Excel Error and Error handling Roundup
Technology used: Office 365, Excel 2021
You just typed the closing parentheses of that powerful lookup formula that’s going to save you hours next month on the report. You slowly depress the Enter key while feeling empowered as if the Excel gods have chosen you! Feeling the click your stomach turns as you watch the fire bestowed upon you turn into a ball of steam that wisps away. Excel is taunting you. Instead of the sales figures, you see #N/A but what could be wrong?
Excel’s formula errors are unpleasant to see but they’re trying to help us improve our spreadsheet game. In this article, we’ll learn about the types of formula errors that Excel will display, a few formulas to help us avoid them and some thoughts on good use of error trapping.
What are formula errors
Formula errors are the result that Excel returns when it is unable to evaluate and provide a proper answer to the formula in the cell. The errors always begin with a number sign (i.e. #) and then a word to give you a clue as to what is causing the error. Below is a table listing common errors and some of their causes
|Error (As shown in the cell)
|Commonly found in lookup formulas (e.g. Vlookup, Hlookup, Index, Match, etc) if the formula is unable to find what the formula is looking for
|Excel’s general error. Simply put, something is wrong with the formula.
|A cell reference is invalid, typical if you delete a row/column that was being referenced by the formula
|Division by zero. The result of which is undefined mathematically.
|Mathematical operations are being applied to non-numeric cells. You can force text to be treated as numbers using the VALUE() function.
|Excel doesn’t recognize the formula name, usually the result of a typo (e.g. =SMU(A1:A5) instead of =SUM(A1:A5)
|The range is not constructed correctly in the formula’s parameters (e.g A5 B7 instead of A5:B7)
|Excel is unable to return the results because there isn’t enough room. For example a FILTER function is returning 10 results but there are only 9 blank cells available
What formulas can be used to stop errors?
Excel gives us two formulas to handle or trap errors. Using these formulas can make your worksheet more robust and user friendly. They can also allow your workbook to function despite Excel being unable to calculate a cell.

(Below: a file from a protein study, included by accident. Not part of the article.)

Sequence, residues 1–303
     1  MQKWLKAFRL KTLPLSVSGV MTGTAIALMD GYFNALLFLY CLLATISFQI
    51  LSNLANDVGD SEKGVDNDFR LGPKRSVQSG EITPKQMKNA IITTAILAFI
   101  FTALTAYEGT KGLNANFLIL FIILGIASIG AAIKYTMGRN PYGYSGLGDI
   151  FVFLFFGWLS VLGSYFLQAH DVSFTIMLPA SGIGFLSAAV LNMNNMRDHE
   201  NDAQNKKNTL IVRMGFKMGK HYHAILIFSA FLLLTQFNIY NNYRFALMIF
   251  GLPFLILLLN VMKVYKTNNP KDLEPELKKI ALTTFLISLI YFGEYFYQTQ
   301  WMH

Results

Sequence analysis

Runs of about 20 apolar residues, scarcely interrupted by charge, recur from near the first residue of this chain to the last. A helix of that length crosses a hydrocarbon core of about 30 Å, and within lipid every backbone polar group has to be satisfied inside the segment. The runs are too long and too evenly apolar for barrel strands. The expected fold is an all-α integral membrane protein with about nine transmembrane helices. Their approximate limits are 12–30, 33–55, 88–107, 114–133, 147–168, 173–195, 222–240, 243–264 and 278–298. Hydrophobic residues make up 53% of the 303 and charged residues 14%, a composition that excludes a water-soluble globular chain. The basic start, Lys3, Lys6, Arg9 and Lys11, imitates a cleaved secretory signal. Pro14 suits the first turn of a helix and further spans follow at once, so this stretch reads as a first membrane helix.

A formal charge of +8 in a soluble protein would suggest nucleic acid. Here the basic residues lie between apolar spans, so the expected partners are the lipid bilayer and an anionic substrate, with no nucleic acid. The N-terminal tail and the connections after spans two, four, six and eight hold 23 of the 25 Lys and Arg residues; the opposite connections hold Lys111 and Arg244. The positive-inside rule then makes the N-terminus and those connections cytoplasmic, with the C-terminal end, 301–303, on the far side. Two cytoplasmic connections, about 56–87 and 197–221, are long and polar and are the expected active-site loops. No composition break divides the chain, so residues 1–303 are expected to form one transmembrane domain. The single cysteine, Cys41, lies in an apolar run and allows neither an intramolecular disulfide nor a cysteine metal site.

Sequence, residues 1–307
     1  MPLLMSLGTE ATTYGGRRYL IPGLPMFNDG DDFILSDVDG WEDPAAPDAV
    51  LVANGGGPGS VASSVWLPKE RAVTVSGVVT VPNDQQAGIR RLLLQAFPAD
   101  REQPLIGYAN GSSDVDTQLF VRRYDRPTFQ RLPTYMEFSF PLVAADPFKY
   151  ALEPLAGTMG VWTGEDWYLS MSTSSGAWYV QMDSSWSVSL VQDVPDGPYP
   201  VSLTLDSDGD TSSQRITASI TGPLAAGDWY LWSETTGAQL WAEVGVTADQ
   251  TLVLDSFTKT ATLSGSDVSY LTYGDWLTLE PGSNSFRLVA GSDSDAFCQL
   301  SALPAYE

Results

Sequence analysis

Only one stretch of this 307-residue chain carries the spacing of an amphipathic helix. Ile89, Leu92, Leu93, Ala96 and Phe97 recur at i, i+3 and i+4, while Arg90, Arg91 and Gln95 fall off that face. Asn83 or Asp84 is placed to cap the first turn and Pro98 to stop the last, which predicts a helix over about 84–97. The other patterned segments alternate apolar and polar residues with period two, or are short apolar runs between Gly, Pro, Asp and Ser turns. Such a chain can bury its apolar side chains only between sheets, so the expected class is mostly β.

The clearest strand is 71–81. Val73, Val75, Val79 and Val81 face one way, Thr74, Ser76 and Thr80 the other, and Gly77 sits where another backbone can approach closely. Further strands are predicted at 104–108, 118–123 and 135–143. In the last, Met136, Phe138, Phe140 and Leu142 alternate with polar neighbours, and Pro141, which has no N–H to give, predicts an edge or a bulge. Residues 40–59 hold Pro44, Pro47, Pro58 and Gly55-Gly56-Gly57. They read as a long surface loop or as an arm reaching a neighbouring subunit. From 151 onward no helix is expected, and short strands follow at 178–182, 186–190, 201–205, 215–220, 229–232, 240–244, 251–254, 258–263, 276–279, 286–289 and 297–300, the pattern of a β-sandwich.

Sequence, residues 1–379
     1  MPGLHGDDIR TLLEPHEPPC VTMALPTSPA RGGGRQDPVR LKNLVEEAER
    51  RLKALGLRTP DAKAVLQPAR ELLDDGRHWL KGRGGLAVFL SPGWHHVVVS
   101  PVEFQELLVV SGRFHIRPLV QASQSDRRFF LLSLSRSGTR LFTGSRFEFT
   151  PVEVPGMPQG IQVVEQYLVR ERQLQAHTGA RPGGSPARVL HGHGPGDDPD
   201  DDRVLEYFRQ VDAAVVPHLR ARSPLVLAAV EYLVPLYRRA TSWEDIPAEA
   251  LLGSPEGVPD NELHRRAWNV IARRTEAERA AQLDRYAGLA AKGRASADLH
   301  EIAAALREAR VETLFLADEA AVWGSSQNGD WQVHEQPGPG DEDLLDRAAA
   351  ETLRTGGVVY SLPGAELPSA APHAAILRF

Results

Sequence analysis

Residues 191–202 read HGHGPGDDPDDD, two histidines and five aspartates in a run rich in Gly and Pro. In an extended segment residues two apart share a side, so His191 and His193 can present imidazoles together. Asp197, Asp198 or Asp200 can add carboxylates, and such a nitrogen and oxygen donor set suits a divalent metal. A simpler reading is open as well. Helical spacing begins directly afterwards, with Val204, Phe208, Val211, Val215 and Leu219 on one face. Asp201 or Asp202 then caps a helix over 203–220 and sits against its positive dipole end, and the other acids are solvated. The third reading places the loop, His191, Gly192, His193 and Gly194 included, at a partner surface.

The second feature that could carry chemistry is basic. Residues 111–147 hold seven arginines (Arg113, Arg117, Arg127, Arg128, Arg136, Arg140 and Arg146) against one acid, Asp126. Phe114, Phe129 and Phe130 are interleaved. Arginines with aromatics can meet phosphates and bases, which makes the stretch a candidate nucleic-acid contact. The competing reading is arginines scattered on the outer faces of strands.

The IFError function allows you to provide an alternate value or formula if Excel encounters any of these errors: #N/A, #VALUE!, #REF!, #DIV/0!, #NUM!, #NAME?, or #NULL!.
Its usage is:
=IFError(cell reference or formula, value if error)
The cell reference is any cell or formula that you are testing to see if it has or results in an error.
The value if error is what will result if there is an error. Here you can be really creative. A common usage would be a helpful error message consider something like:
=IfError(1/0, “Division by zero is undefined”)
In this case the formula 1/0 (e.g. One divided by 0) would result in #DIV/0!, we can replace that with the more friendly error message explaining that we can’t divide a number by zero.
But you can also use a substitute formula. For example:
This formula will result in the value of cell A1 divided by B1. Coincidently if the values of A1 divided by B1 would result in an error, then that error will be displayed.
Using the IFERROR formula gives us a lot of flexibility in trapping and resolving errors.
IFNA works very similar to IFERROR except it only works with the #N/A error. Otherwise it’s usage is identical. Recall from the table above that the #N/A error is only encountered with lookup formulas thus this formula will only trap cases where the lookup value can’t be found in the table.
Its usage is:
=IFNA(Cell Reference or Formula, value if error)
=IFNA(Vlookup(A1,A2:B20,2,FALSE),”Value was not found”)
Would display Value was not found instead of #N/A if the lookup value couldn’t be found.
Similar to IFERROR you can use a formula or value in place of the value if error parameter, this can help keep the logic of your workbook functioning.
Consider this example:
As you can see, since New York is not in the list an #N/A is triggered, the first version of the formula returns a 0 which we could then use in our workbook if we need to.
Trap every error?
As you’re building your workbook consider the effects of trapping the error versus knowing there is an error. Sometimes we want to see the error, to know that the workbook is not working as we intended. For instance in the example above, we are returning 0 for cities not in the list, however since our worksheet is to tell us total sales $0 is also an acceptable answer. We have no easy way to tell if there were no sales in a city or that the city is not in the list, which might indicate a data issue.
This is a problem known in Computer Science as the semi predicate problem where an error can be confused as a valid value. To prevent this care must be used when selecting what errors we want to trap and which we want to allow to break the workbook.
Excel has a variety of error codes to help the user understand why their formula isn’t working. Excel also has useful formulas for trapping and resolving potential errors. Careful and considerate use of these can lead to well constructed and robust workbooks.
Do you want to learn how to automate your financial workpapers? Do you want to get started with VBA?
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Function pages on Microsoft Support